Reverse the Threat of Cybercrime
Last year over 6 million Australians were victims of online crime1, and that number will continue to rise unless something changes. iT and Beyond is a Stay Smart Online Partner and in an effort to further raise awareness of cybercrime, we are supporting Stay Smart Online Week 2018 – Reverse the Threat of Cybercrime. From October 8th to 14th, 2018 businesses all over Australia will be reversing their websites, social media pages and communications from colour to black and white, to draw attention to the dark side of the internet and thrust cybersecurity into the national spotlight. In a massive collaboration with businesses and individuals across the nation, the importance of the four key areas of Passwords, Software Updates, Public Wi-Fi and Phishing will be highlighted, and will hopefully impact Australians’ cybersecurity in a big way.
Stay Smart Online Week began in 2008, at a time when Stay Smart Online had 50 partners. Today, with over 1400 partners, they are a driving force of cybersecurity and awareness in Australia.
Network Security – Passwords, Software Updates, Public Wi-Fi and Phishing scams
A study last year found that 59% of people use the same password across all accounts2. This is great news if you’re a cybercriminal. Our passwords are our first line of defense and can be the only thing keeping your information from the wrong hands. For these reasons it’s essential to create strong passwords and use different ones for all your accounts. Implementing two-factor authentication where possible is also strongly recommended.
It’s important to install critical software updates for all devices and apps as soon as they become available. These updates can add new features, install bug fixes and fix security holes that could let cybercriminals in. Despite these advantages, 80% of Android users and 23% of Apple iOS users haven’t installed the latest software updates3. By keeping up with the latest versions of firmware and software, we can give ourselves the best chance at fighting off malicious activity online. At iT and Beyond, as part of the Proactive Managed IT Support we provide, we update all critical software updates for Microsoft Windows operating systems on workstations and servers, Microsfot Office software, Adobe software, Java software and Browser software (Microsoft Edge and Internet Explorer, Google Chrome, Mozilla Firefox).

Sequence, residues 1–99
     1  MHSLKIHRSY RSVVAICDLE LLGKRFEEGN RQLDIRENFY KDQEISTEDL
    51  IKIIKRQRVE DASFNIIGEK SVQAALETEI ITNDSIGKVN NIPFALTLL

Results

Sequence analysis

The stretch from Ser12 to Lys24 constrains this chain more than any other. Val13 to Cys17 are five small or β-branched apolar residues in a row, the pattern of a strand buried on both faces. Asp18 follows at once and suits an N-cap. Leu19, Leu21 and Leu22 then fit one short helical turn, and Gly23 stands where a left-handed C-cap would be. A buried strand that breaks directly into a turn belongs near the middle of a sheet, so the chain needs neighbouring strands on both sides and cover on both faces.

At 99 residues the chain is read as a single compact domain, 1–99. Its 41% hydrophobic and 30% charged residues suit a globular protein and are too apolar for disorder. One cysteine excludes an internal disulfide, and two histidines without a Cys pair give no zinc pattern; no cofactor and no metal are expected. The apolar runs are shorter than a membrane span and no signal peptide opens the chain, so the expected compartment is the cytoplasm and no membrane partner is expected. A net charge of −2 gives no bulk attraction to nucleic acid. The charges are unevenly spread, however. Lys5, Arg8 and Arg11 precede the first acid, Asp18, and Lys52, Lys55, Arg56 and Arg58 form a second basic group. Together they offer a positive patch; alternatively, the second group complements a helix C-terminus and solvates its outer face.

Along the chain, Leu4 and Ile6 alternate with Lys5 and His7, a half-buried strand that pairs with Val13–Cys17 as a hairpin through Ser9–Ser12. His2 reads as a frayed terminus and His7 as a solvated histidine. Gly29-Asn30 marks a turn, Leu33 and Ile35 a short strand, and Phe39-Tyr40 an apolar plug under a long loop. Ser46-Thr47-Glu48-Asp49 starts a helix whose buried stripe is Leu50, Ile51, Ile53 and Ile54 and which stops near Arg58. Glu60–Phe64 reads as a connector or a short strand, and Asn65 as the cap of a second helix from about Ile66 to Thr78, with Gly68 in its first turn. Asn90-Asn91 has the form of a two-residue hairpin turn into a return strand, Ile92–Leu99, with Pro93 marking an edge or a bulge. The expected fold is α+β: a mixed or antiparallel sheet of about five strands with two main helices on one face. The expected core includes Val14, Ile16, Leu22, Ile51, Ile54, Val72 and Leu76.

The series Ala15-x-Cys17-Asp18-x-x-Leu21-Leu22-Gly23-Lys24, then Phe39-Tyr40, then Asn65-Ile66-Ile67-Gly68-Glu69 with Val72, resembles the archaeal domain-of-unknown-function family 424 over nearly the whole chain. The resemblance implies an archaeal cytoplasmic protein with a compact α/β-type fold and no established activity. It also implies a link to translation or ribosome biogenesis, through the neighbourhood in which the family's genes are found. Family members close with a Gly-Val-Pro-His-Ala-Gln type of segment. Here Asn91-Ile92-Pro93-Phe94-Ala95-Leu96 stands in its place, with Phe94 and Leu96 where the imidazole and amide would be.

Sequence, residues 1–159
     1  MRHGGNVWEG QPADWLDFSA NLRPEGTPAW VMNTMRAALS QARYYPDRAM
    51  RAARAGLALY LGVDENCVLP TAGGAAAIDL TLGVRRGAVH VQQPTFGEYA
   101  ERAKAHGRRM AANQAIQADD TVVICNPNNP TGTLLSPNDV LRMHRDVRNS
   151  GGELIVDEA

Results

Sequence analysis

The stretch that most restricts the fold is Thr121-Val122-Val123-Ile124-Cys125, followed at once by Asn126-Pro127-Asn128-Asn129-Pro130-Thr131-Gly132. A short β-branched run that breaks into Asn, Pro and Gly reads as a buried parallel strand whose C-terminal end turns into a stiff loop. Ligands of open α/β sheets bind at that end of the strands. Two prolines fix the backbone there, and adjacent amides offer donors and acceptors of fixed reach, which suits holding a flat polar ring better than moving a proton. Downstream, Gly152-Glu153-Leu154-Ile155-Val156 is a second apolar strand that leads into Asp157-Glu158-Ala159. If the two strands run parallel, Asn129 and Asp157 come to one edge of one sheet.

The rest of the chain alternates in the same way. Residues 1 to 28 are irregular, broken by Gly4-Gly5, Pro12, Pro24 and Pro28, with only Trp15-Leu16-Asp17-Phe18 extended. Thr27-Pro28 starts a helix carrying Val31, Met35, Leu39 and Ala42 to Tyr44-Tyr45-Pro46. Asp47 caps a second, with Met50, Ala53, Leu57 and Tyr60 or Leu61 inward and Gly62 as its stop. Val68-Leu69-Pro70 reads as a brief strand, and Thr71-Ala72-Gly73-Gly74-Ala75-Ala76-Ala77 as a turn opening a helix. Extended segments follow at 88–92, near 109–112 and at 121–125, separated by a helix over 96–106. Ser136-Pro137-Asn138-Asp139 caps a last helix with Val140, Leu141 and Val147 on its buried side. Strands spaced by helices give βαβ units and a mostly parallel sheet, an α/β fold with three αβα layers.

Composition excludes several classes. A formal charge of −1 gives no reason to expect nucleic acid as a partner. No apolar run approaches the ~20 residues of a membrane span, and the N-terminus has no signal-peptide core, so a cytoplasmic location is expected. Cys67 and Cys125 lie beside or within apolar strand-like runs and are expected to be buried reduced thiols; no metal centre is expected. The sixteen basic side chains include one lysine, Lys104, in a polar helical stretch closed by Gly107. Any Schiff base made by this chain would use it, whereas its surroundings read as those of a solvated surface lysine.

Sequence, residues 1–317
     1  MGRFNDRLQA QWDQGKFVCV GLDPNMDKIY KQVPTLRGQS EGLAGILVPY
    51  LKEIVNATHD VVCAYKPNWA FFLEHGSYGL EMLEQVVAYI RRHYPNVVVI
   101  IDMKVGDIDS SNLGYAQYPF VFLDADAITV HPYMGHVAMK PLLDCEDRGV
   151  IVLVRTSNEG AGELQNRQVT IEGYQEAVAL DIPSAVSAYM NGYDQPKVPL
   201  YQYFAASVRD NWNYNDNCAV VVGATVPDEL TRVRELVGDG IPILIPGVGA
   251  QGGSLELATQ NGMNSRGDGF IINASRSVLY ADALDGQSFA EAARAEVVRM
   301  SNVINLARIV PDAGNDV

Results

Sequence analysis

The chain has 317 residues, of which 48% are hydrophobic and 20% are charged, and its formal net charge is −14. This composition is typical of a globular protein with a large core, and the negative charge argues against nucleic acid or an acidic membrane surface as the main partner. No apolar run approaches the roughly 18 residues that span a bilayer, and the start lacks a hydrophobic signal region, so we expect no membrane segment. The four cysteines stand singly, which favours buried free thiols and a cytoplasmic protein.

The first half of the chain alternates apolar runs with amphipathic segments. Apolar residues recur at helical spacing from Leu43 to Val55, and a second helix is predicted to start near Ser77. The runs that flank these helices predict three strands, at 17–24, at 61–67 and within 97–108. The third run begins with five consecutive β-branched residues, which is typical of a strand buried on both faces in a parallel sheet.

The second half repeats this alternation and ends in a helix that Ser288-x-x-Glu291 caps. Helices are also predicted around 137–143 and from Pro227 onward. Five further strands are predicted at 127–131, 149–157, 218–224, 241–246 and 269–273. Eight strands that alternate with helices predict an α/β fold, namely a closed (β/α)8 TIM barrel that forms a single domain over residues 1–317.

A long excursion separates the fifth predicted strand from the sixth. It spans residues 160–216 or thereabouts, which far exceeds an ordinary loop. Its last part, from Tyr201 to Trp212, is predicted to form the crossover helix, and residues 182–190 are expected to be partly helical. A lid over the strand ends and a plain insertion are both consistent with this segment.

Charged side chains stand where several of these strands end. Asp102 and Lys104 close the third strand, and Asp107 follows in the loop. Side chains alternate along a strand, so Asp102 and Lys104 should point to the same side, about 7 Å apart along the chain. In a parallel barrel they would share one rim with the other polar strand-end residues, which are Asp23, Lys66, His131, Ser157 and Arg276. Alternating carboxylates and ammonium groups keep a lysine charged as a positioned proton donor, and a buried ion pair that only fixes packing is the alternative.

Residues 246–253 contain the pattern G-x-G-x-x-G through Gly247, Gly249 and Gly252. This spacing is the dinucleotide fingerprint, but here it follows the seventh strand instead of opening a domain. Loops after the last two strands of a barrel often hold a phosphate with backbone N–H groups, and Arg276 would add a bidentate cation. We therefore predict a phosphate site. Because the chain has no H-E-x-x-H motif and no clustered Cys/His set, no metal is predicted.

Public hotspots aren’t always safe, and when connecting to the internet this way you can never be sure cybercriminals can’t access your information. Some simple ways you can stay safe while using public Wi-Fi are turning off any auto-connects, avoiding online shopping and banking and critically evaluating any rogue hotspots before you connect.
Phishing scams – email, SMS, social media
As one on the most common online scams, phishing scams cost Australians $50 million in 20174. This included emails, SMS, social media messages and more attempting to trick individuals into giving out personal identifying information, online banking logins and credit card details.
Being diligent when assessing online communications and thinking before you click can be the difference between your continued cybersafety and a successful phishing campaign. Remember to avoid clicking links or opening attachments in suspicious emails, and never assume the person you are talking to is who they say they are.
The Stay Smart Online Week 2018 initiative provides a great platform for businesses to share knowledge, experiences and best practices, which will promote education and allow others to share the benefits. Feel free to participate in any way you can, because the more people who get involved, the bigger the impact on national cybersecurity awareness will be.
For simple ways to act smarter online, visit www.staysmartonline.gov.au/reversethethreat.
Together we can reverse the threat of cybercrime.
1Norton, Norton Cyber Security Insights Report Global Results (2017)
2Last Pass, The Psychology of Passwords: Neglect is helping hackers win (2017)
3Symantec, Internet Security Threat Report Volume 23 (April 2018)
4Australian Competition and Consumer Commission, Targeting scams: report of the ACCC on scam activity (2017)